Doing good seems to be an even stronger motivation for high net worth and ultra HNW entrepreneurs today than even a few years ago, with certain regional issues coming to the fore, a report by BNP Paribas' Wealth Management and Scorpio Partnership says.
More “elite entrepreneurs” around the world consider making a positive impact on the world a central feature of what they do in business, sometimes almost as important as breaking even, particularly when Millennials are concerned, a global survey of high- and ultra-high net worth entrepreneurs by BNP Paribas Wealth Management has found.
The French bank’s Global Enterprise Report, released yesterday, sheds light on how views about investing with a desire to change the world for the better can have different motivations depending on the region in which the individual lives, their age group and gender.
Overall, a desire to make positive change via business and investment is increasing, BNP Paribas’ report said. Some 39 per cent of “elite entrepreneurs” – high net worth - consider positive impact to be at the centre of what they do, compared to 10 per cent taking such a view just two years ago.
The findings of this 83-page report chime with other studies, as well as discussions from events hosted by the publisher of this news service, showing that wealth management practitioners realise that offerings to clients around impact investing, environmental, social and governance methodologies, and related approaches, are no longer “nice-to-have” ideas, but essential. With inter-generational wealth transfer a major trend, and firms looking to recruit Millennial clients, these valued-driven approaches to business and asset allocation are seen as revenue drivers.
“There is a rapid change of mind-set, impacting the way elite entrepreneurs invest their wealth,” Sofia Merlot, co-chief executive at BNP Paribas Wealth Management, said.
The report, unveiled in Paris to a briefing of journalists, polled more than 2,700 multi-millionaire businessmen and women in 22 countries, collectively handling wealth of $36 billion. It found that 55 per cent of them have declared they committed a portion of their wealth to achieving socially responsible outcomes; some 80 per cent said entrepreneurship is the best way to generate a global or local impact. In Europe, clean energy is the most popular cause (35 per cent), while in the US and Middle East, job creation comes top of the impact agenda, at 36 per cent and 40 per cent, respectively.
Impact investing – putting money to work to achieve non-financial returns – is gaining traction in the wealth and investment world, with firms such as UBS, Goldman Sachs and Bank of America, among others, seeking to tap a desire by people to do good and do well at the same time. There remains debate on whether a desire for non-financial outcomes, such as reducing poverty, illiteracy, pollution or proliferation of weapons comes at the expense of returns, or is congruent with it. The field is still relatively young and not yet tested by a major market reverse.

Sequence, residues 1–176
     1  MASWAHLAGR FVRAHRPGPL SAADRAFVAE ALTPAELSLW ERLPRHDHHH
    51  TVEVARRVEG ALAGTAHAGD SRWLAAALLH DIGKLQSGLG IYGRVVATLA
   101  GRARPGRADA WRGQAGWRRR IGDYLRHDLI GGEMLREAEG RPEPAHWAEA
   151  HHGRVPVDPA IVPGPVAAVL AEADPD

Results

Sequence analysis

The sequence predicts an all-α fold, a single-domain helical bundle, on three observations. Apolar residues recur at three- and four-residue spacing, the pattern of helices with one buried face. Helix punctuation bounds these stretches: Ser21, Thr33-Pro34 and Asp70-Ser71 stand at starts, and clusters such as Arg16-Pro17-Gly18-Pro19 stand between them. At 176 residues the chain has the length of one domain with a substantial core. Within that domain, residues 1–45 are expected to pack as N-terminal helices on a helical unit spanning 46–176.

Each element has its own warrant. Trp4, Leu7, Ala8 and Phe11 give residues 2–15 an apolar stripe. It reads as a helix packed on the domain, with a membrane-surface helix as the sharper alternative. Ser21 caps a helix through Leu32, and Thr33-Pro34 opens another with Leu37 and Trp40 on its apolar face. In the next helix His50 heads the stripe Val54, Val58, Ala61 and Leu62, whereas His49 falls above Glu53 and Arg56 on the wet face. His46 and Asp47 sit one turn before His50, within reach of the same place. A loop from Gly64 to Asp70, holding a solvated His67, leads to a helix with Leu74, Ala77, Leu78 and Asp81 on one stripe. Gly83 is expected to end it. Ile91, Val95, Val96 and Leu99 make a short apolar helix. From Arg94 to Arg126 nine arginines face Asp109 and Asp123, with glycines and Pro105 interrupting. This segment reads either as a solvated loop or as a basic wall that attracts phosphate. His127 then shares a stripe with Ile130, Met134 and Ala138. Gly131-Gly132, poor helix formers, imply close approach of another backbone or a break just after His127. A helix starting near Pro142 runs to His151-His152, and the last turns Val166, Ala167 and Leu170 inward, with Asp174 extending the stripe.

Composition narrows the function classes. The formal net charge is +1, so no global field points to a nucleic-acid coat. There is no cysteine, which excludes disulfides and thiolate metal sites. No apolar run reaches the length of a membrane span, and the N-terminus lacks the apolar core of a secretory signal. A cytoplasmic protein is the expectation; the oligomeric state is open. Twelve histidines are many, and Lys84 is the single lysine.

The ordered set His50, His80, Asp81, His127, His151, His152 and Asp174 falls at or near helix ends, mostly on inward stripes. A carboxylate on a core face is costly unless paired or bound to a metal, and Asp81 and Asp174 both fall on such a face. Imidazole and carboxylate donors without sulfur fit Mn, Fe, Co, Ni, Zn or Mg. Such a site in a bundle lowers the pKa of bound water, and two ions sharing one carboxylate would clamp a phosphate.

The BNP Paribas report was produced by Scorpio Partnership, the wealth management consultancy.
Among the respondents, 40 per cent were women; some 40 per of respondents were Millennials, with 16 per cent from the Baby Boomer cohort; 19 per cent were entrepreneurs with at least $25 billion and 21 per cent were counted as serial entrepreneurs.
Perhaps unsurprisingly, given coverage of their attitudes, Millennial entrepreneurs were described as the keenest in baking social impact into their business lives. Some 46 per cent of this group said they defined business success in terms of social impact, higher than an average of 39 per cent across the board.
Client interest in clean energy and the environment is driven by how, for example, news stories about climate change and pollution grab viewers’ and readers’ attention, according to Elénore Bedel, head of responsible investments at BNP Paribas Wealth Management. “Environmental causes and clean energy are actually among some of the best represented across various financial instruments, from mutual funds and private equity, to structured products and single lines,” she said.
The report examines different views across a number of jurisdictions. In Singapore, for example, 38 per cent of respondents are classified as “responsible investors”, with a desire to invest in ways that reflect their values being the biggest motivator. In Hong Kong, 48 per cent of respondents take the designation of “responsible investor”. In China, the share is 70 per cent, in the US, 51 per cent, Germany, 38 per cent, and Middle East (Qatar and UAE), 62 per cent.